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Headphone cable - Page 3

post #31 of 35
Quote:
Originally Posted by SilverEars View Post
 

Hi, I found this on a website:

 

"A cable becomes a transmission line when it has a length greater than λ/8 at the operating frequency"

 

I've calculated 1.356 Inches for 10khz signal(but this was airborne audio frequency), and headphone cable is longer than 1/8 of this.

 

How do you calculate the electrical signal wavelength?


You need the speed signal speed. The speed of sound in air is irrelevant. In this case, the speed of propagation of an electrical signal in an insulated copper wire is typically about 1/2 the speed of light in a vacuum. The speed of light is about 300,000,000 m/s (3*10^8). for a 20 kHz signal, the λ/8 length is (1/2) * 3*10^8 [m/s] / 20*10^3 [1/s] * (1/8) = 0.9375 kilometers

 

So, like i said, transmission line effects in cables are complete and utter nonsense unless you're trying to use kilometer-length cables.

 

Cheers

post #32 of 35
Quote:
Originally Posted by Steve Eddy View Post
 

 

Speed of light is 3 x 10^8 meters per second in a vacuum. In a cable, it will be some percentage of that, usually around 80-90%. But even if it were 50%, the wavelength at 10kHz would be 15,000 meters or about 9 miles long.

 

se

Ok, that makes sense.  A headphone cable is not a transmission line at audio signals so there is no reason to take account of reflection.  Now I see why in power electronics they use the transmission line theory, since power is delivered over long distances.

 

I've used the calculator here and must have give me some crazy value.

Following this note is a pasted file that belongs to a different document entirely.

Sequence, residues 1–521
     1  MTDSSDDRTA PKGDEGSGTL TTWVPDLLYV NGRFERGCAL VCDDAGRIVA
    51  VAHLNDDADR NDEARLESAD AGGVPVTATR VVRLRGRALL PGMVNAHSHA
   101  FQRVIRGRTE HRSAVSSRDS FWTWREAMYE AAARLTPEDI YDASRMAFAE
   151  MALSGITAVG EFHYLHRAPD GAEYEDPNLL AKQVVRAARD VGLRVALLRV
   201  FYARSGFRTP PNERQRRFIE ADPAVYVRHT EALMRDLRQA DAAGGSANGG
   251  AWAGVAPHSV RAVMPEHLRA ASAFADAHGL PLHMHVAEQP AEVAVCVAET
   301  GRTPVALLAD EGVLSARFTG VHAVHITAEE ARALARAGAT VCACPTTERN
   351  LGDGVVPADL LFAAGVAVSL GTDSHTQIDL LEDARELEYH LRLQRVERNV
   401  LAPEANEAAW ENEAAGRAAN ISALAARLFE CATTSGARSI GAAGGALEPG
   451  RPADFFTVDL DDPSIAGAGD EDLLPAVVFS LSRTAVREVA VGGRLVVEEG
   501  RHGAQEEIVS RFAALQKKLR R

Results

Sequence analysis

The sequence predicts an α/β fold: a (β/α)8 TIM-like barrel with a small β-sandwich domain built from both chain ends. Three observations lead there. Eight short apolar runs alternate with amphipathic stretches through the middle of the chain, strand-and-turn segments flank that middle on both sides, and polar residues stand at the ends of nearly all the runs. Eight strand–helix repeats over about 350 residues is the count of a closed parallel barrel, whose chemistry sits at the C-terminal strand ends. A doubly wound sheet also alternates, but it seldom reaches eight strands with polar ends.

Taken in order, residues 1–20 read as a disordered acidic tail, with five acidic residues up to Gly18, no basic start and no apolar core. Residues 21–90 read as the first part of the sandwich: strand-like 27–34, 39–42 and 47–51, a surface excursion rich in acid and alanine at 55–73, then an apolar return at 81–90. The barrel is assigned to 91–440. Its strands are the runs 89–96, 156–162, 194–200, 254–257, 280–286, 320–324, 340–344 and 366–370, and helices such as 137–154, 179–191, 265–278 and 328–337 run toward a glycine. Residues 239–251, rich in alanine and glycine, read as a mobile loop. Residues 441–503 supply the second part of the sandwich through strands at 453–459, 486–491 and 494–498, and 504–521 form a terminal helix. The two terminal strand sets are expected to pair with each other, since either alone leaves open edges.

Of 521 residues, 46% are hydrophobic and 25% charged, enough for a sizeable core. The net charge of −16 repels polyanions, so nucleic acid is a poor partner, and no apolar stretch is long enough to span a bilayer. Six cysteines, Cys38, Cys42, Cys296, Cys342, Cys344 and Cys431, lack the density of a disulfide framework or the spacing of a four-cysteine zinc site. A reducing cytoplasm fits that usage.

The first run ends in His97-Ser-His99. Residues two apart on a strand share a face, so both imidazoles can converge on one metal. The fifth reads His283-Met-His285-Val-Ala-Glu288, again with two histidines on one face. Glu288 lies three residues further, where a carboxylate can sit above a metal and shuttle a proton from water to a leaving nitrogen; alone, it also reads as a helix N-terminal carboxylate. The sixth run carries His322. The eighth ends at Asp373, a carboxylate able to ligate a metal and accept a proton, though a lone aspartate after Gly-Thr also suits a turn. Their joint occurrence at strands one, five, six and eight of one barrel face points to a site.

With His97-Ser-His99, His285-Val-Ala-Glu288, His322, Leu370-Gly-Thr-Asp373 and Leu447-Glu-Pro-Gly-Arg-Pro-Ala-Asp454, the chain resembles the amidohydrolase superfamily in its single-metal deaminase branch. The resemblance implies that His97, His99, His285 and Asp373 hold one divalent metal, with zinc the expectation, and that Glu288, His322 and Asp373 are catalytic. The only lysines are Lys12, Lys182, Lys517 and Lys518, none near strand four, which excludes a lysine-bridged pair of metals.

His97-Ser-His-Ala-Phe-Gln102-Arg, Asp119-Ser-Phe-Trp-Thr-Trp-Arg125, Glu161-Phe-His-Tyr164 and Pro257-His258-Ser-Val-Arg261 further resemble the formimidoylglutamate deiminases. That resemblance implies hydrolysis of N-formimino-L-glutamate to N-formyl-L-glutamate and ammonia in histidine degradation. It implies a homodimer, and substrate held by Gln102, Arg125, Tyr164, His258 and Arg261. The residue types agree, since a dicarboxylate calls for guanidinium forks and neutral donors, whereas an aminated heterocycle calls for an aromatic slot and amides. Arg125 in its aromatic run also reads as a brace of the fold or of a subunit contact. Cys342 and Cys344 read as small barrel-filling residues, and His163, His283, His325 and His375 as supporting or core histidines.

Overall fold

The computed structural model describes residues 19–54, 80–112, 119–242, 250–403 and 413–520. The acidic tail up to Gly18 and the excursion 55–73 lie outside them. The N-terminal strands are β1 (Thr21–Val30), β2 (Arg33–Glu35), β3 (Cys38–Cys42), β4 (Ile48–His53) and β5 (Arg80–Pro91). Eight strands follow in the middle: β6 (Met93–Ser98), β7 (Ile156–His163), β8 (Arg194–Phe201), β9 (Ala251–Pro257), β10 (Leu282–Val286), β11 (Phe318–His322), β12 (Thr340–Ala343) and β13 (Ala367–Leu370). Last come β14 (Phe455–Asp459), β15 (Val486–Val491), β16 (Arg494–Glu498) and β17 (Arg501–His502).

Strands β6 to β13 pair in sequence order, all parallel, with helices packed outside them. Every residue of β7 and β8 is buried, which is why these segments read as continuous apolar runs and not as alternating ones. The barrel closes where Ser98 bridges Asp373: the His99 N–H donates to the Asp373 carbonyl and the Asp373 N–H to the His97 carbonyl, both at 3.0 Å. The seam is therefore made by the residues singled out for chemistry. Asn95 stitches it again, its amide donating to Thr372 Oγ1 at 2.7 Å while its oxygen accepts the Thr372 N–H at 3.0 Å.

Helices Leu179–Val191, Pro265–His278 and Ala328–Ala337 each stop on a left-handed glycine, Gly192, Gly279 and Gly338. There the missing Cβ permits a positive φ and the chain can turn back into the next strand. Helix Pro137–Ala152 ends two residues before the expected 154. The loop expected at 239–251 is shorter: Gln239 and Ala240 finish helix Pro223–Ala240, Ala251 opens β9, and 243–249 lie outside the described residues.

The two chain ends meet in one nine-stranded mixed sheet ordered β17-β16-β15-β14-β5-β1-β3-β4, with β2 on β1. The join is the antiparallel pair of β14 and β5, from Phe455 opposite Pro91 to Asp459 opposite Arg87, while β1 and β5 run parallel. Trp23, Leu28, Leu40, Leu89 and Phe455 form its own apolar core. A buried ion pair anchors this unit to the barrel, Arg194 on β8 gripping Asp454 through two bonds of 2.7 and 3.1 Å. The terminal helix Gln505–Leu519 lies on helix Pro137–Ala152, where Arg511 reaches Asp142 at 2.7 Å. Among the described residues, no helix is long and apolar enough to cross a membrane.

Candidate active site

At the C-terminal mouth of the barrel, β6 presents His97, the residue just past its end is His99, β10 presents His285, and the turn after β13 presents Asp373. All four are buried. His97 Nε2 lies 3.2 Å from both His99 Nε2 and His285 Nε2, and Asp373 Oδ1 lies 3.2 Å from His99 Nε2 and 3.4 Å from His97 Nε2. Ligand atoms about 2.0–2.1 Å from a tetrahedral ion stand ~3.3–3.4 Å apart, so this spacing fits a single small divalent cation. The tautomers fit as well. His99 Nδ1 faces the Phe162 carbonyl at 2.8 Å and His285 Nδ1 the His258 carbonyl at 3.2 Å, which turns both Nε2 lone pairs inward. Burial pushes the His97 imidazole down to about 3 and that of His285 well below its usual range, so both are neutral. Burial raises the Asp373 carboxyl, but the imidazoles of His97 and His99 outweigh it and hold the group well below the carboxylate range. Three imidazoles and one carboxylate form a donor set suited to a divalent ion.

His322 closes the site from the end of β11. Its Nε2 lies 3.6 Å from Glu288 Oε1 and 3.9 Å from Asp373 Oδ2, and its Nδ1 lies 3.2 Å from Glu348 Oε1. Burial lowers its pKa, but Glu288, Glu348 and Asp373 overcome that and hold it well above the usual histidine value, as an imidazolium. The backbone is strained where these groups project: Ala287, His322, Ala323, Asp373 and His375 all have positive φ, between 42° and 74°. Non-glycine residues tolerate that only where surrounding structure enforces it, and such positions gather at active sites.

http://www.mcsquared.com/wavelength.htm

 

Even if it was an audio signal over air waves it's should take account speed of light.


Edited by SilverEars - 5/8/14 at 10:08pm
post #33 of 35
Quote:
Originally Posted by SilverEars View Post
 

I've used the calculator here and must have give me some crazy value.  

 

http://www.mcsquared.com/wavelength.htm

 

Even if it was an audio signal over air waves it's should take account speed of light.

 

The signal in a cable is an electrical signal, not acoustic. That is why you need the speed of light (more correctly, the speed of electric field propagation in the cable) rather than the speed of sound.

 

The link you listed calculates the wavelength of acoustic waves in air. This is the wrong wavelength for propagating electrical signals.

 

Cheers

post #34 of 35
Quote:
Originally Posted by ab initio View Post
 

 

The signal in a cable is an electrical signal, not acoustic. That is why you need the speed of light (more correctly, the speed of electric field propagation in the cable) rather than the speed of sound.

 

The link you listed calculates the wavelength of acoustic waves in air. This is the wrong wavelength for propagating electrical signals.

 

Cheers

Yes, speed of sound, my physics is a bit shaky right now.  :D

post #35 of 35
Yeah, you get to use speed of light reference in circuits and your transducers (speakers/headphones) handle the conversion from electrical to audio for you.
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